Adenosine Trisphosphate (ATP) is an energy molecule found in all living things. The detection of ATP is therefore a clear indicator in determining the efficiency of cleaning processes.
ATP hygiene testing works by combining ATP with a liquid-stable reagent. The chemical reaction caused by the combination emits light, which is then measured in direct proportion to the amount of ATP present, measured in RLU (Relative Light Units)
When to use ATP testing?
- ATP testing is specifically designed to measure the level of organic contamination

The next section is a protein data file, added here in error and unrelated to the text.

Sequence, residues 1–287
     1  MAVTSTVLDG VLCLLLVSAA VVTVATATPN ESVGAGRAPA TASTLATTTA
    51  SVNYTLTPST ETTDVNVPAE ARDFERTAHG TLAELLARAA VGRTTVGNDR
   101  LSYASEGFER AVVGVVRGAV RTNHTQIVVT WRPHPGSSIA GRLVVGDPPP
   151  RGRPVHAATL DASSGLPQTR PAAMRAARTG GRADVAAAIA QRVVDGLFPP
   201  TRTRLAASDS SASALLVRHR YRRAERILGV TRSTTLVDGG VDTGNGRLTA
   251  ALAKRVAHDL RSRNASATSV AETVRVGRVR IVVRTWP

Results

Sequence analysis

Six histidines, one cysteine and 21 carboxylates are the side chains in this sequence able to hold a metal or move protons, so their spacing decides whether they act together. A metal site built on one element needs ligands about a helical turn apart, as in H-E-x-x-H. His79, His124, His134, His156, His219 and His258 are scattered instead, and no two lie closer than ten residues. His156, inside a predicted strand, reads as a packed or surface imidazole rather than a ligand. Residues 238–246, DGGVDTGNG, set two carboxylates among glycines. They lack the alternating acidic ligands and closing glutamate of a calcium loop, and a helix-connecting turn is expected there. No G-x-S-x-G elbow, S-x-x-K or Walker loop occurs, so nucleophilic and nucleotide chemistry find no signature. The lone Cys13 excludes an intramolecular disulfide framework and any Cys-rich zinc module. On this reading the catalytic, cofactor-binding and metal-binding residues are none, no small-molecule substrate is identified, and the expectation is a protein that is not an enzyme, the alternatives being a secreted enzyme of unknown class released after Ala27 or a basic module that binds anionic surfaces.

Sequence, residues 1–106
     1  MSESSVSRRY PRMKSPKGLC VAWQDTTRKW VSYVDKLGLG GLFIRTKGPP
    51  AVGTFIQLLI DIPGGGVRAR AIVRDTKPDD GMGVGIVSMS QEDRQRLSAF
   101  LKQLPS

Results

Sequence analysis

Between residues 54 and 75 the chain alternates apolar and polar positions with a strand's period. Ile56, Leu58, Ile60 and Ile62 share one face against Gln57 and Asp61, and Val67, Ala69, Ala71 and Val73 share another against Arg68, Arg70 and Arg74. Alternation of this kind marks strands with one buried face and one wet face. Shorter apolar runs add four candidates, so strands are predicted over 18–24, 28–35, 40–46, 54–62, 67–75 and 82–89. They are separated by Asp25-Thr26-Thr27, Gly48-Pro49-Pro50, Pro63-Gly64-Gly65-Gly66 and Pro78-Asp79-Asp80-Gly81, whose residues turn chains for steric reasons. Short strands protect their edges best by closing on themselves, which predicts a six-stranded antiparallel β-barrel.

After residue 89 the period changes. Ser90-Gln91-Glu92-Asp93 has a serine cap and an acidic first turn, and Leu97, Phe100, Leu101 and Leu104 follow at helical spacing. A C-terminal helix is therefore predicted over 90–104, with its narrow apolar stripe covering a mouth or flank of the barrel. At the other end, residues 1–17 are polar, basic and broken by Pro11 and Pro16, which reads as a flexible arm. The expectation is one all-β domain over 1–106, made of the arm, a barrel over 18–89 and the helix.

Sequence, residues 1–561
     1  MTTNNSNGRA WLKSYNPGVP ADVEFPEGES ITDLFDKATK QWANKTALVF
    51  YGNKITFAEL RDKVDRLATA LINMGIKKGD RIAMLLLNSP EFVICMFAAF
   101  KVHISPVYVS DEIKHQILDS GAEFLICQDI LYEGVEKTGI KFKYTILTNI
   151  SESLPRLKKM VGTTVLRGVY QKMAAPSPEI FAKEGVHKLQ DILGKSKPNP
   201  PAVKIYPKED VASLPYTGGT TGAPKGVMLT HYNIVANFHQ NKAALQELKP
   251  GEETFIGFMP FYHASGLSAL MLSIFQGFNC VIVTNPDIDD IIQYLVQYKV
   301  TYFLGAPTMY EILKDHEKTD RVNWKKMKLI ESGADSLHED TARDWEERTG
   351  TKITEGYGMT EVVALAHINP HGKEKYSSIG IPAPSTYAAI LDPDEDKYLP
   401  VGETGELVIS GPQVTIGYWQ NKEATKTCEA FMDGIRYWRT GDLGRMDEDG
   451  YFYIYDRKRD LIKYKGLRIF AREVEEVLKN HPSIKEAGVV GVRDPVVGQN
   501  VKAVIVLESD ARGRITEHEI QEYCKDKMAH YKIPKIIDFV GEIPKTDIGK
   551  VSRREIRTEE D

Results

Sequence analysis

- ATP testing is useful for a quick response and quantifiable measurement for cleanliness
Incorporate into a regimented testing programme that offers consistency, multiple samples and a well devised plan
When not to use ATP testing
- ATP testing should not be used to measure levels of microbes
- ATP testing cannot test for viruses as they do not contain ATP
- RLU’s do not indicate number of microbes on a surface
ATP tests are unable to distinguish between completely sterile and thousands of bacteria. An infectious dose can be as low as 10.
If the level and species of microbial contamination is the concern, then swabs can be taken to undergo Microbiological testing which will provide accurate counts and species categorisation.